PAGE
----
Singapore probe puts Star Cruises-Ho alliance in doubt
Star Cruises, the world's third-largest cruise line, is reviewing its planned investment in a HK$4.7 billion Macau casino project to be operated by gaming magnate Stanley Ho Hung-sun.
Yesterday's announcement by the Hong Kong-listed unit of Malaysia's Genting Group came as Singapore's casino regulator confirmed it was investigating the partnership deal, which would also see Mr Ho and his fourth wife Angela Leong On-kei acquire a 4.6 per cent stake in Star Cruises through a share placement.
The casino would operate under Sociedade de Jogos de Macau (SJM), Mr Ho's licensed gaming company.
'The company is reviewing the structure in relation to its [Macau] investment,' Star Cruises said yesterday in an announcement to the stock exchange. It delayed sending a circular until February 28.
Star Cruises shares soared 48 per cent after the Macau project was announced on January 23 but have since fallen 26 per cent on regulatory uncertainties.
Under Singapore's Casino Control Act, the gaming regulator has the right to investigate casino licence holders and their associates, and has the power to amend or ultimately block any venture, including overseas projects, whose partners it deems 'unsuitable'.
Star Cruises and sister firm Genting International in December won the right to build and operate a US$3.4 billion casino resort on Sentosa island. It is the city state's second gaming licence.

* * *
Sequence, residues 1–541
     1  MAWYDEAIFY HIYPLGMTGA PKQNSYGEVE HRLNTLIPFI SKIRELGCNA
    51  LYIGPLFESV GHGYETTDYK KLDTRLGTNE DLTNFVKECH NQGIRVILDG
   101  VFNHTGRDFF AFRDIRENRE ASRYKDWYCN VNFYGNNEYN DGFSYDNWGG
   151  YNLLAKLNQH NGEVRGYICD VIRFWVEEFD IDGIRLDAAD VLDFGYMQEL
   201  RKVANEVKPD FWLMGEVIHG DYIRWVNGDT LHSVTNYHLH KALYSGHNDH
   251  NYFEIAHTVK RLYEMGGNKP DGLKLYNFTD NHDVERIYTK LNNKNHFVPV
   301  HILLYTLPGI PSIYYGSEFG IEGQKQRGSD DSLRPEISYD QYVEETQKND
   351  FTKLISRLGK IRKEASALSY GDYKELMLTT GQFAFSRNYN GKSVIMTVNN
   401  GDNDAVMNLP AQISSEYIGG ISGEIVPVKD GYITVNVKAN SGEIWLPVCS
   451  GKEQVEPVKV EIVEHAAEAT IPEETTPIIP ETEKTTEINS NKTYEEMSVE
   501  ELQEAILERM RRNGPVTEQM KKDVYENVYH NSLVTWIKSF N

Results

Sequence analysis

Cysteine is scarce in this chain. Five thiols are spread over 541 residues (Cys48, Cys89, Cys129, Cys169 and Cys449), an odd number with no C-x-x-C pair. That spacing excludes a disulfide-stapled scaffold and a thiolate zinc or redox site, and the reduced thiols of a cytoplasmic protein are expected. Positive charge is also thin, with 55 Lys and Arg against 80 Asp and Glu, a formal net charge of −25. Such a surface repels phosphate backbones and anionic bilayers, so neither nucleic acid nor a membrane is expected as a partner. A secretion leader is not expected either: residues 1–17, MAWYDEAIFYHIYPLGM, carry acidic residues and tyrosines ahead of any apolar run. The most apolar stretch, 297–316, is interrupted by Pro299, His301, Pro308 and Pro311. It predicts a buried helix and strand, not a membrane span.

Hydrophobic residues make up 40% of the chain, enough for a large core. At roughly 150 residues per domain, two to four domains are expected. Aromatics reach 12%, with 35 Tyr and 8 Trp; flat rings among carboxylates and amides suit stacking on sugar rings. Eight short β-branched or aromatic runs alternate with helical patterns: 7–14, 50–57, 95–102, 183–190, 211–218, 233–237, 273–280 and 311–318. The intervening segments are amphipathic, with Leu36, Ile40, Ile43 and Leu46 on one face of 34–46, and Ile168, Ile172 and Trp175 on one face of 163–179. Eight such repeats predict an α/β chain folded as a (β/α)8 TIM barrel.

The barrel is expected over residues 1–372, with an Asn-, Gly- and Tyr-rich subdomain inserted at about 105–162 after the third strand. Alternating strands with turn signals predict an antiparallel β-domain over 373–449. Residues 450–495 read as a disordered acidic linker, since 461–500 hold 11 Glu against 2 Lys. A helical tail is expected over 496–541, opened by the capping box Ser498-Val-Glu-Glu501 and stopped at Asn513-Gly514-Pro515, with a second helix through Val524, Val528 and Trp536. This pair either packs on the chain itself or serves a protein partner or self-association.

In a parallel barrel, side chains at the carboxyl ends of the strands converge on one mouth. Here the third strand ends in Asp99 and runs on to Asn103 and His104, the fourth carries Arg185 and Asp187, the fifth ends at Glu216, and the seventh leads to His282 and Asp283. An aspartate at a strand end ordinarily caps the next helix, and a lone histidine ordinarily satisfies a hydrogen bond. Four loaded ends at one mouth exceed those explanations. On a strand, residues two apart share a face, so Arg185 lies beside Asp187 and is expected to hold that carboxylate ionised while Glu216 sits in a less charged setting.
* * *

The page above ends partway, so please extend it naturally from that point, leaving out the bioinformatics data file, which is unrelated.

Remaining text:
'The Casino Regulation Division is seeking clarification from Star Cruises/Genting International about the share placement and the other deals in Macau,' James Chan Yong Kiat, a manager at the regulator, said on Tuesday. He declined to elaborate.
The Resorts World Macau project calls for a boutique hotel and an SJM-run casino to be built on an 87,000 square foot patch of reclaimed land across from the newly opened Wynn Macau. Star Cruises would own 56 per cent and Genting 19 per cent. Local partners Yany Kwan Yan-chi and his brother Kwan Yan-ming, who together contributed a portion of the land, would take up the remaining 25 per cent interest.
Under the terms of the Macau deal announced last month by Star Cruises, the agreement with Genting will terminate automatically if both companies fail to obtain approval from the 'relevant regulators' by March 19.
Citing 'regulatory uncertainty surrounding the project's ability to proceed in its current form', Merrill Lynch analyst Sean Monaghan on Monday revised his fair value estimate for Genting's 19 per cent stake in the Macau casino to zero from HK$1.5 billion.
If the Macau venture fails to proceed, the Genting units will forfeit a HK$153.56 million deposit on the land, plus about HK$60 million consisting mainly of finders' fees paid to consultants who helped put the deal together.